Speaking of modifications, Krzysztof also got a TEAC CD-224E CD-RW drive working with his Armada 1750. He says the original drive (that was working in his laptop) was set to CSEL mode, so he needed to force the TEAC to work in that mode. He downloaded the CD-224E CD-RW drive specifications (I've mirrored a copy), and noted on page 7 that pin 47 is responsible for CSEL mode. You can change the mode by connecting it to ground or 5V. He tried soldering it to pin 45, which didn't have any effect, nor did pin 41 (still "no system disk or disk error" during bootup). He noticed that on the drive's interface connector pin 47 was permanently connected to the ground, so he desoldered pin 47 (well, actually he had to scratch it away - after making certain he had the right pin) and left it disconnected, and that worked. Apparently this tells the ATA interface that the drive is working in slave mode, but only as long as there is no electrical connection on pin 47 (if necessary, a little bit of electrical tape or paper tape insulation might be in order).

Paul writes that he successfully installed an LG DRN-8080B DVD-ROM drive in his Compaq Armada 1750 (12" LCD) and has it running with no problems. He notes that this drive has a M/S/CS switch under a foil sticker at the back of the drive, he set his to Slave, and the machine was up and running.

The CD drive exchange photo gallery may also be helpful for those of you upgrading your drives. Comments will be added to the photos in a few days.

The original question (" conflicts with the HDD and/or is not recognized.") sounds like a master/slave conflict. On the Compaq Armada 1750 (from what I've been able to determine), only one IDE channel is used. The HDD is the master device, and the CD-ROM is the slave device (only two devices per IDE channel). Some other makes and models of laptops (such as Toshiba Tecras) use separate IDE channels; one each for the HDD and the CD-ROM, so for them chances are the HDD would be the master device on the primary channel, and the CD-ROM would be the master device on the secondary channel. If you tried to put one of their drives in the Compaq, you would get a master conflict, and neither device would be accessible (this is my theory, anyway).

If you already have a third-party internal laptop DVD-ROM or CD-RW, and want to try making it work yourself, you can read about my experiments with swapping standard CD-ROM drives between laptops, and the results of my searching.

W hen booting, I keep getting the Compaq Utilities screen, and can't get past it.
This may be fixed by holding down the Fn key and pressing F11 repeatedly (Fn+F11) when you first turn the computer on - this resets the CMOS back to defaults and lets the computer start booting normally again.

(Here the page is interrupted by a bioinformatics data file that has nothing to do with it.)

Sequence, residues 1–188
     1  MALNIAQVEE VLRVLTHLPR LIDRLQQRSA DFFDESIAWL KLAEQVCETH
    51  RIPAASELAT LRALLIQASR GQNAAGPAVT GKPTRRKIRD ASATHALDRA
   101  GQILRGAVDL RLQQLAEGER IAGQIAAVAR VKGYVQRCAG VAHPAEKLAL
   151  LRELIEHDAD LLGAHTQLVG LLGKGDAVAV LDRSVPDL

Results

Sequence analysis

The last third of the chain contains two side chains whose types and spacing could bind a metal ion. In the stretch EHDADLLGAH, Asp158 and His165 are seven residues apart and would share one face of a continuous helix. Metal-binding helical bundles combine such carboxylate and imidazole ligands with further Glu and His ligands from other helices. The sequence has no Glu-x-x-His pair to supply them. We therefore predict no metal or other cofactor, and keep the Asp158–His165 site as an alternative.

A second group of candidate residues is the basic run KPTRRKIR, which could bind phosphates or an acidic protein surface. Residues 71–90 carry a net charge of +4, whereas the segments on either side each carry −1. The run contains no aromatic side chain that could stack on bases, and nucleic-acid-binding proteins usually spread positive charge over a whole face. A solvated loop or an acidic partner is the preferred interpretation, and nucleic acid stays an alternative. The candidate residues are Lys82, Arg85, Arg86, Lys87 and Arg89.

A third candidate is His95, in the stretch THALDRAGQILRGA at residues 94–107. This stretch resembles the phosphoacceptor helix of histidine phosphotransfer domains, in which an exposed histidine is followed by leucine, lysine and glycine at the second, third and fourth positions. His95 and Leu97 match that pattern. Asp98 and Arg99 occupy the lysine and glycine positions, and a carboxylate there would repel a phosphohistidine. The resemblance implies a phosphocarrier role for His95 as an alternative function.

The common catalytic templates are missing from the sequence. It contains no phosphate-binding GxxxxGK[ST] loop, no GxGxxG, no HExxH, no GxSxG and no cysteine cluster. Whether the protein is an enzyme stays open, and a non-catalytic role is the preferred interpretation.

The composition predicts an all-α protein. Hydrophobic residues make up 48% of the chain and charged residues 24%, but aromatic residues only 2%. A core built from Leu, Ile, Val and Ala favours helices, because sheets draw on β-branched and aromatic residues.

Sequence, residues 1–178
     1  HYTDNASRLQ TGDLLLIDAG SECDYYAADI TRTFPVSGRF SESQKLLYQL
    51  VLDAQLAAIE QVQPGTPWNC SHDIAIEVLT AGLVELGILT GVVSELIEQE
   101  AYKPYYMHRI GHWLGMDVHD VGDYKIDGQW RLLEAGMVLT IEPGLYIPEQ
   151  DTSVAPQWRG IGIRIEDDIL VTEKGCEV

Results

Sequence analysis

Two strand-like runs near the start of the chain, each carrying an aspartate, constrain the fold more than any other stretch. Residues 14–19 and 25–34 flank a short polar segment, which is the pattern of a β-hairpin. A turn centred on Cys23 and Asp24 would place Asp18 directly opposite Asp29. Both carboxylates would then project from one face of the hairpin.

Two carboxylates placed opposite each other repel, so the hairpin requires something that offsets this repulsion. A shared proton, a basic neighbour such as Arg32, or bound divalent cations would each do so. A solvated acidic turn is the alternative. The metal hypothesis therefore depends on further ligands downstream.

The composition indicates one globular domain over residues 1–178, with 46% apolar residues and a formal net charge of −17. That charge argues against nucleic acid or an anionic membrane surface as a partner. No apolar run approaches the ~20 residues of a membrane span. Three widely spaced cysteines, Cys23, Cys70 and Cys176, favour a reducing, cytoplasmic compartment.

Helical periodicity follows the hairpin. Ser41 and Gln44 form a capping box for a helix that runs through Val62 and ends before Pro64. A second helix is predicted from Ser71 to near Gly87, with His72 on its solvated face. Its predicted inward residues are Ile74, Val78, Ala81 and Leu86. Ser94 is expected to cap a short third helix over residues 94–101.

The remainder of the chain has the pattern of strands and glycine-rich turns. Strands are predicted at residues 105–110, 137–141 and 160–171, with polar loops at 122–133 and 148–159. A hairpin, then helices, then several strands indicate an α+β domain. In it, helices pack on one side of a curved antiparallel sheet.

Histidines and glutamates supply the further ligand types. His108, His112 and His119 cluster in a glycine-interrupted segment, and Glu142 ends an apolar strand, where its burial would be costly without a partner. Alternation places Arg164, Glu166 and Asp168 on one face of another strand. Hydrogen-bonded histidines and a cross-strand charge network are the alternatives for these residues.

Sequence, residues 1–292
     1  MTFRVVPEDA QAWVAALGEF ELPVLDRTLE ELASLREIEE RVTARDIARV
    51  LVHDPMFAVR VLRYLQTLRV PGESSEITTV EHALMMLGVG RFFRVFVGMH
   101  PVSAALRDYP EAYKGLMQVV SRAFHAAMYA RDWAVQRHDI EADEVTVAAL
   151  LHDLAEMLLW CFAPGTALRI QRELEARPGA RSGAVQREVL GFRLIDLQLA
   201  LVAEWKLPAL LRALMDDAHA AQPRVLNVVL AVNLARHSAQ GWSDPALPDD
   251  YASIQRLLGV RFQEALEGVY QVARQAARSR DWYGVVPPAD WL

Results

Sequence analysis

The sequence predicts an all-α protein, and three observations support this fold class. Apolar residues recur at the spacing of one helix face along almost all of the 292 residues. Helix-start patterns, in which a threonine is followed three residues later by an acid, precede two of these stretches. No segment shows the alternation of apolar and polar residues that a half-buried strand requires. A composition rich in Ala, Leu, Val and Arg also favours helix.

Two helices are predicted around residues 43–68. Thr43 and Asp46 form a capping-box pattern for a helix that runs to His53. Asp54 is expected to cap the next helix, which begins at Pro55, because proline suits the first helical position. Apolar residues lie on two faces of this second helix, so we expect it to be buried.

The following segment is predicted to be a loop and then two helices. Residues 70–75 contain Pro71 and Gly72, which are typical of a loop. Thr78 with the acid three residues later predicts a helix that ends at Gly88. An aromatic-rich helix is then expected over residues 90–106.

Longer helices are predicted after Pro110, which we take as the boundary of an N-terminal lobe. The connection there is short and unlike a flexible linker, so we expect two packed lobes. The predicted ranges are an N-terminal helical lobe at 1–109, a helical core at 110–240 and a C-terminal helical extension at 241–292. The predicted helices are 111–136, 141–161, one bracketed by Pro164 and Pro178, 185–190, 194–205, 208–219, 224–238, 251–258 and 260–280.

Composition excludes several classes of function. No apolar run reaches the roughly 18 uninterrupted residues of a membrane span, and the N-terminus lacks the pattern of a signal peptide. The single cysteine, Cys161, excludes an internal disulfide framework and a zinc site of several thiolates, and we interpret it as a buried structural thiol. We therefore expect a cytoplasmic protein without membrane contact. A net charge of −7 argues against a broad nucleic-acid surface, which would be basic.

Fdisked or erased the diagnostic partition, and now I can't access the BIOS. How do I get it back?
You will need two floppy disks. Download the Personal Computer Diagnostics - sp12906.exe (a newer version, 10.40, is also available, but I'm not sure it can restore the diagnostic partition), and Computer Setup for Portables - SP8975.exe. Insert a floppy disk and run the Computer Setup for Portables SP8975.exe program - it will create one of the two floppies you need. Insert another blank floppy (or floppy you don't mind erasing) and run the Personal Computer Diagnostics SP12906.exe self-extractor to unpack files to a PDIAG folder. Inside the PDIAG folder, run MAKEDISK.BAT to create your floppy. Follow the onscreen prompts. Once you've created this floppy, you may reboot.

Insert the diagnostic floppy in the drive to boot off it as soon as you see the red Compaq logo (if Windows starts loading, you may hit F8 to bring up the boot menu, then ctrl-alt-delete to try again). (Re)create the diagnostic partition, by clicking the appropriate buttons and following the directions. This procedure seems to be non-destructive to data; at least it didn't destroy anything on my Windows 2000 system with a 376MB FAT swap partition and a 5GB+ NTFS partition. However, your mileage may vary (YMMV), so backup any data you want to save (bookmarks, documents, pictures, what have you), and don't blame me if you need to reinstall your OS.

Press F10 when you see the blinking cursor to access the BIOS.

Although I attempt to make sure the information I post on this site is accurate, I make no guarantees as to success. In NO way am I responsible for any damages that may result from the useage or misuseage of the data on this, or any other page. As with most information on the Internet, you may safely assume that burning down your house is your responsibility :)


Questions or comments? Search this page to see if your question has already been answered; just press CTRL+F and type in a keyword. Sorry, I can't answer questions personally. If you need help, I recommend the HP/Compaq forums.

Non-English speakers: if you are considering using machine translation, please include a copy of the question in your original language; it makes it easier for me to figure out the context.

Hits since counter was added on Saturday, 21 May 2005: